Something I won’t forgive however are cheap gimmick characters. Take for instance, Nostroyev and The Prince of Lies, two extraordinarily old vampires who are also lured onto the submarine to be experimented on. Instead of giving these characters an aura of mystery and danger, they are treated as comic relief, and literally nothing else. It’s not even that funny. Nostroyev is staked almost instantly, and The Prince of Lies doesn’t actually lie once, as his name would suggest. He’s basically a stereotypical sitcom grandfather, and that is not something a vampire should be.
Sam Lawson was intriguing in his own right, and it’s a shame that the ‘Vampire with part of a soul’ concept wasn’t explored in greater detail. I could see that being the main focus of its own episode. The side characters on the submarine are sadly less than one-note, but it really isn’t that noticeable. Angel and Lawson were the focus, and a good supporting cast can’t always be accomplished in episodes like this.
The biggest flaw in this whole episode was that it completely failed to stick with a tone. It was dark and contemplative one moment, and funny the next. Good shows have comedy moments along with the serious ones, but here, some, if not most of the comedy, felt undeserved and not funny. I stick by my comments above that non-relevant material is forgivable if it’s at least well written, but there is a line. This episode’s successes are worth focusing on more than its flaws though. Angel is at a point in time where the Wolfram and Hart setting is slowly but surely starting to crumble down around him, and the season would have suffered without this episode. Not terribly so, but we needed a detour into Angel’s past at this point in order to give us perspective on just what kind of downward spiral he is on.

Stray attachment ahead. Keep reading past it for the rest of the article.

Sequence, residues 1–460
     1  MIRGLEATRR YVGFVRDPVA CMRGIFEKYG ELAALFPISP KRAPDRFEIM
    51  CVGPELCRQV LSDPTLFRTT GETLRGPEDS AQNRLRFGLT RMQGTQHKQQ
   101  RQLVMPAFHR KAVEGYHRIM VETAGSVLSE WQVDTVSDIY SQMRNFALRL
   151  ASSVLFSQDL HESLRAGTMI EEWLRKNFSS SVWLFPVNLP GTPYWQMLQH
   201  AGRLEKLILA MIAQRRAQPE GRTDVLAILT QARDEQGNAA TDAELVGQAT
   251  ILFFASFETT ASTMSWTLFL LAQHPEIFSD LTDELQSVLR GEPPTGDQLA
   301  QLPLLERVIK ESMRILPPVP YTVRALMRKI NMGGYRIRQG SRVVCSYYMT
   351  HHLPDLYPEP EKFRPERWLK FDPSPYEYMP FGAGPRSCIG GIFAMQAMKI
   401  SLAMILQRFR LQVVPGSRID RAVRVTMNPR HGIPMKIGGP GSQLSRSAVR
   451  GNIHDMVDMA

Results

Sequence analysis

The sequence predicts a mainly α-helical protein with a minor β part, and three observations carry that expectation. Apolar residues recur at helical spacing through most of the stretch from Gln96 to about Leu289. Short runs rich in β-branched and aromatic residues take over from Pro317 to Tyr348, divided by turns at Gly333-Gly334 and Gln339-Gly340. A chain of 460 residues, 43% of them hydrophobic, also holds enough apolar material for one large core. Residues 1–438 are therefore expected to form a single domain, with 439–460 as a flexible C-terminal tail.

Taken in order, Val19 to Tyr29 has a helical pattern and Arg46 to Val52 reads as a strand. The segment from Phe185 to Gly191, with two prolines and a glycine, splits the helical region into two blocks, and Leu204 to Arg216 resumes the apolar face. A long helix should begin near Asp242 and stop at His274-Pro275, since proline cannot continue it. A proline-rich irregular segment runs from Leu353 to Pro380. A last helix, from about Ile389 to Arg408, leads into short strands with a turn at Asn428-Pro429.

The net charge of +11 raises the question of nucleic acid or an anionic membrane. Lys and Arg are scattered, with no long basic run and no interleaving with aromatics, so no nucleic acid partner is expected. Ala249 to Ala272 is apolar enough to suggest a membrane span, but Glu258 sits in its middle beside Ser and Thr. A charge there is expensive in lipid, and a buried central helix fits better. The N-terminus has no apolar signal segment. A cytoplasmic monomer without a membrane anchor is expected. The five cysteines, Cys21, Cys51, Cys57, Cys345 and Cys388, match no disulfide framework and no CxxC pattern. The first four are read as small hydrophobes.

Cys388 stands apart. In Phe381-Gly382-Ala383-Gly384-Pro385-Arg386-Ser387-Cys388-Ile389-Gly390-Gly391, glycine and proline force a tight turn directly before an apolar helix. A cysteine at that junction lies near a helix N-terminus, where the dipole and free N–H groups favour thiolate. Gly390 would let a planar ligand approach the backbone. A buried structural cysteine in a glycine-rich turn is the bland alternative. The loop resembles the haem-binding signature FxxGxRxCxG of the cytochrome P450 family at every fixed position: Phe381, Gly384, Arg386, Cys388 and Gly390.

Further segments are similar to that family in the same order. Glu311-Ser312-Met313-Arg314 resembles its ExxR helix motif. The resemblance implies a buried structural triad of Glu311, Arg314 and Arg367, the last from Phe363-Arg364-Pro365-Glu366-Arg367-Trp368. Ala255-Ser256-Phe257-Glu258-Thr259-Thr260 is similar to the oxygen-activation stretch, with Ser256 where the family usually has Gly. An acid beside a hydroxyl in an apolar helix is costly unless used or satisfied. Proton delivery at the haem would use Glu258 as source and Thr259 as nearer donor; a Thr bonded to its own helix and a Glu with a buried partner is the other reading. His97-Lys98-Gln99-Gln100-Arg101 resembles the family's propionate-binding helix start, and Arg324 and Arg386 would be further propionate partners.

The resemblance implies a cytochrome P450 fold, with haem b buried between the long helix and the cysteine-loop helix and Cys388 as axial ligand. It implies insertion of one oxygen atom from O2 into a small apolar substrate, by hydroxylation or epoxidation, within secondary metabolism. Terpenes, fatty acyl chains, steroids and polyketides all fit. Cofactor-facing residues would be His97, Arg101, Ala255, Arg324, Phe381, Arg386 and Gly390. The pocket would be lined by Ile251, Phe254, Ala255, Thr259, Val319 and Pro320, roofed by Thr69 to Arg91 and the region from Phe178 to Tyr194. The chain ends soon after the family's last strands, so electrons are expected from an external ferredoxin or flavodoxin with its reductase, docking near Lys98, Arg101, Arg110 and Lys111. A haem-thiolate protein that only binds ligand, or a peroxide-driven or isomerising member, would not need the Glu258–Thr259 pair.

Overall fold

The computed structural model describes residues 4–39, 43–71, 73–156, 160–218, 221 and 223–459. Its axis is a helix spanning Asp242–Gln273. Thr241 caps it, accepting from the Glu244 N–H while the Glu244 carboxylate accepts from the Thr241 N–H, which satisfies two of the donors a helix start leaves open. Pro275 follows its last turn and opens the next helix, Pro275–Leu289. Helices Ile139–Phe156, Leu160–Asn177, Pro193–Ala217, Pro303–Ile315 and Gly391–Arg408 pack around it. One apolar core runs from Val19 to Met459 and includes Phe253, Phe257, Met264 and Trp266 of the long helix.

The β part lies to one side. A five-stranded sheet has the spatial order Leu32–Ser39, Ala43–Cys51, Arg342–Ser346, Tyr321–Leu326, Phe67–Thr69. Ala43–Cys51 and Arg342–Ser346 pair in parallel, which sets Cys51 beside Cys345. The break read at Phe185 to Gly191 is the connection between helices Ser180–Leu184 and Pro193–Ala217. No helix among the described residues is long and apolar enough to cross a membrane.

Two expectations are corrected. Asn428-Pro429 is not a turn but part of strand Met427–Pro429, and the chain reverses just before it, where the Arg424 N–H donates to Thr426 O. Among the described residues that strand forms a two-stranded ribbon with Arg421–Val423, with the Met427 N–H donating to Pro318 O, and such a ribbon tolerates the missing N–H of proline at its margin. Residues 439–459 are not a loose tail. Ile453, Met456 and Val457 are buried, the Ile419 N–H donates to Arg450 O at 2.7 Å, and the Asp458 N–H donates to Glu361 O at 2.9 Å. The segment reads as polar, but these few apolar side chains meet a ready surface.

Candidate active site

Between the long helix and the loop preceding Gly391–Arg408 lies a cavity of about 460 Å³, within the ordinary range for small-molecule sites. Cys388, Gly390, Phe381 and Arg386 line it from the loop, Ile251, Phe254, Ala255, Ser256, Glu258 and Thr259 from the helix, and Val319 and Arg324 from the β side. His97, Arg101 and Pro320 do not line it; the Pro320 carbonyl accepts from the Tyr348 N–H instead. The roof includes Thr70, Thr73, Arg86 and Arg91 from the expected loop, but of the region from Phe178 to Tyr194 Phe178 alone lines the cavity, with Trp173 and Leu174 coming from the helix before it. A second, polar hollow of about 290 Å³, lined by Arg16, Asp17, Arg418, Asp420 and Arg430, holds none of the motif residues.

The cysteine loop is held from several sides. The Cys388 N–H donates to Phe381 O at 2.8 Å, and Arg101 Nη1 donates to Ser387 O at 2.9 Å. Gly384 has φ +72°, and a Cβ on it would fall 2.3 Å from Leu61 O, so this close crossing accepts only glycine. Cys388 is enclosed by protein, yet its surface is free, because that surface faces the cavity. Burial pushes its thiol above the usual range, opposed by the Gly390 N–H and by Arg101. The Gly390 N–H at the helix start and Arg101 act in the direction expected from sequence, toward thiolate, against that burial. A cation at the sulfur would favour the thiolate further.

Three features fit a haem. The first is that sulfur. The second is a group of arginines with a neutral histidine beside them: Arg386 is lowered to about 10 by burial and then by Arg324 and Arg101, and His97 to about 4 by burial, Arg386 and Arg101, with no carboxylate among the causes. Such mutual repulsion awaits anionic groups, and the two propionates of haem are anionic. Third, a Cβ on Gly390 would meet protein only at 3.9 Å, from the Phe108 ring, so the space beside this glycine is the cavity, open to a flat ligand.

That is also a major question to ask of any episode. Is it needed at this time? Does the content mesh with what the greater plot is trying to accomplish? If it does, it still has to be placed at the right time. “Why We Fight” is really a theme piece more than anything. Themes of purpose, belonging, and loneliness are all explored here to great effect, and in my opinion it comes at exactly the right time. During the calm before the storm, due in about two episodes. Other ‘theme piece’ episodes like this include “Darla” [2×07], “Deep Down” [4×01], and of course “Are You Now or Have You Ever Been?” [2×02]. Notice how close all of those are to the beginning of their respective seasons. If season five can be faulted for anything, it can be faulted for not starting a real plot arc until “Underneath” [5×17]. That was most likely a side effect of premature cancellation though.